This best describes Obama’s public image. A brand that is as familiar as it is unreal. Like Ronald McDonald or Mr Clean, we are familiar with him, yet unable to go beyond the smooth surface. He is everywhere and yet nowhere. He constantly wants our attention, but has nothing to tell us. There is a real physical Barack Hussein Obama walking about somewhere, but there needn’t be. He would be just as real, if he didn’t exist. If he were nothing more than a poster, a logo, a few books, some computer graphics and a slogan. He would be no less real, because he isn’t real. He’s a brand.
The man beneath that brand is another question. Like all pitchmen and actors, there is something of him in the image we see, but it is mostly a convincing simplification. And what is startling about his brand is just how little of it is really human. Toss away the merchandise and the art, and very little is left. Probably because what’s underneath was never meant for public consumption. The Obamas constant oversharing is as much a defense as an offense, an obsessive need to control their own narrative and tell their own story over and over again. Even when there’s no story and nothing to tell. The last time we saw it this bad was in the JFK administration, when the tours of the White House and the stream of photographs concealed an uglier reality lurking outside the frame of the camera. And that’s almost certainly the case here.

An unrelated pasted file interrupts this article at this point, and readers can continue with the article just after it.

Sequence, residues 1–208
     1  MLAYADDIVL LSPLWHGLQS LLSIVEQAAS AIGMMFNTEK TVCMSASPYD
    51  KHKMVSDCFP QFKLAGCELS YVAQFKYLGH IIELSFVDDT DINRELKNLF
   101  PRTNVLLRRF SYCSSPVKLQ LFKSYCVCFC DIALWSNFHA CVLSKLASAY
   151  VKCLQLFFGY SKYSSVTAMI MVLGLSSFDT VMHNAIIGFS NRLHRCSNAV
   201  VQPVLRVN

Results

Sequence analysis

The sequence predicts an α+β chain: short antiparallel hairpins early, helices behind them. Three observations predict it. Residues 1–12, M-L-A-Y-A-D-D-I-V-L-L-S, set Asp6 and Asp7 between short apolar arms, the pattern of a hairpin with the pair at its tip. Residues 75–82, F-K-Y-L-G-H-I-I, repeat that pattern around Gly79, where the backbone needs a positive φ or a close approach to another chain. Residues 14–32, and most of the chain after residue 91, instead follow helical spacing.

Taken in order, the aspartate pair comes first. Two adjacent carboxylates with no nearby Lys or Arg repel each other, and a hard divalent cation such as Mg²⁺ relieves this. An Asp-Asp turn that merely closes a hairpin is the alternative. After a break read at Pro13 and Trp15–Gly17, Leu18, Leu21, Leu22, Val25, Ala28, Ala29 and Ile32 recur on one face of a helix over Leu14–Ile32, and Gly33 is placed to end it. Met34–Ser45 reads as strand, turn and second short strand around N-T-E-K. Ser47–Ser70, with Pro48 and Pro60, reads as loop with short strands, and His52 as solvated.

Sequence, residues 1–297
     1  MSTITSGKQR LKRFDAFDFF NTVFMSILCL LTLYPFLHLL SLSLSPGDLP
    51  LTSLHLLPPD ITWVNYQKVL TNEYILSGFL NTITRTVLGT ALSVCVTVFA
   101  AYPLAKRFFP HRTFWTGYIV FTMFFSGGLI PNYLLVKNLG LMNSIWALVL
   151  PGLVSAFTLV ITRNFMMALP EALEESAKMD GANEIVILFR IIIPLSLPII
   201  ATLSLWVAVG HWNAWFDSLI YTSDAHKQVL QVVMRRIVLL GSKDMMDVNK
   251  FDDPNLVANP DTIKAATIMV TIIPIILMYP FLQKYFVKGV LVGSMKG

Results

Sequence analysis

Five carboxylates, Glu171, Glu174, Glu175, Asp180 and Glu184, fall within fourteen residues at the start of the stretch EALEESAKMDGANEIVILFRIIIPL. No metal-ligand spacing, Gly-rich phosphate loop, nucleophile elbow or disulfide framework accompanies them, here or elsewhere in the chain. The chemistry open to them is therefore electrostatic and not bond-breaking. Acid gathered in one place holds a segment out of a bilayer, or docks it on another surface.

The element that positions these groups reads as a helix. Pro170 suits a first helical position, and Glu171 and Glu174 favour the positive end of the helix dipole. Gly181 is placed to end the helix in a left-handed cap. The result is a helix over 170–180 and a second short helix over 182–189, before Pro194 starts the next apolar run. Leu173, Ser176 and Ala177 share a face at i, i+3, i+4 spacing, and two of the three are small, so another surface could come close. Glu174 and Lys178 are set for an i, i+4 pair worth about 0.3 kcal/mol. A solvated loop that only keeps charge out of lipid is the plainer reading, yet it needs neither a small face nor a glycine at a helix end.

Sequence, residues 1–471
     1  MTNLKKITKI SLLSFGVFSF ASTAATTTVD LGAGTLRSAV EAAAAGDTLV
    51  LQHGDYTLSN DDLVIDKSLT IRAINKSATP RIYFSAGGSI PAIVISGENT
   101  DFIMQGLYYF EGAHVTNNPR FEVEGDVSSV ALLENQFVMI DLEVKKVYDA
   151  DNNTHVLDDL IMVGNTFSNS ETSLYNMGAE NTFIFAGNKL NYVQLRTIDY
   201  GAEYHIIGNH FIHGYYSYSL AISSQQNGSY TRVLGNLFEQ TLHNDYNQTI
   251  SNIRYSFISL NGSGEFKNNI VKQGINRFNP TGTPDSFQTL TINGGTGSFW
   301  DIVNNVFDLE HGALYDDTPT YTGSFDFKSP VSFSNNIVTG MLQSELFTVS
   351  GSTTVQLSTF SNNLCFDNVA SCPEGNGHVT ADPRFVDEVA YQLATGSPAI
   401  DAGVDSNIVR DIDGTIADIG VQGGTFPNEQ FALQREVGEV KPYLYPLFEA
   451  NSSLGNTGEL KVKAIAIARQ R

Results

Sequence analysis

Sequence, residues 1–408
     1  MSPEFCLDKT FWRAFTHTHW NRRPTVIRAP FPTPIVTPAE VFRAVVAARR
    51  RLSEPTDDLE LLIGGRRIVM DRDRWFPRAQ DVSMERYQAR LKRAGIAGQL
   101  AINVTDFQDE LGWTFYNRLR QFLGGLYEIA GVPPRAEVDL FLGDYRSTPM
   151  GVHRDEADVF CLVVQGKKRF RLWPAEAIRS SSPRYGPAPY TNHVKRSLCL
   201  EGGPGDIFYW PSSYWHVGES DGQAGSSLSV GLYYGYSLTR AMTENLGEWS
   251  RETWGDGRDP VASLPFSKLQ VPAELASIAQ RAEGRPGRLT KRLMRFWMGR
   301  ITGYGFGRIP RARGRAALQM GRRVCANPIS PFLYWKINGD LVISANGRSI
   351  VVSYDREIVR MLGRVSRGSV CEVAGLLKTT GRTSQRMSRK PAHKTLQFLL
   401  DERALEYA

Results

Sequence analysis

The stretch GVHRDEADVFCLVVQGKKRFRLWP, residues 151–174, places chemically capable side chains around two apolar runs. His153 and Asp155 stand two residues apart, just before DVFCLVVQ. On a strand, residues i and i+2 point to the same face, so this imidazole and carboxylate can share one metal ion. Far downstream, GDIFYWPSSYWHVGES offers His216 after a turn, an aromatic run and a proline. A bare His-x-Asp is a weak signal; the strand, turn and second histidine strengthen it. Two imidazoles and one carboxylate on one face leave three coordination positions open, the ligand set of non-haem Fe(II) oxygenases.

Those most eager to play a role are looking to leave themselves behind, to escape and run away from something. People like that make some of the best actors and the splashiest celebrities. But underneath their mask of charisma is a towering pile of human wreckage. They are so eager to be something they are not, that they are convincing. And because they need us to believe in the illusion so badly, they are omnipresent. Always hungry for attention and adoration, getting high on it and crashing down when the attention is withdrawn. Incapable of any real empathy, they mimic it brilliantly. So well that they seem more empathetic than actual working human beings. So perfectly compassionate that it’s almost inhuman. But it’s never other people they cry for, only themselves.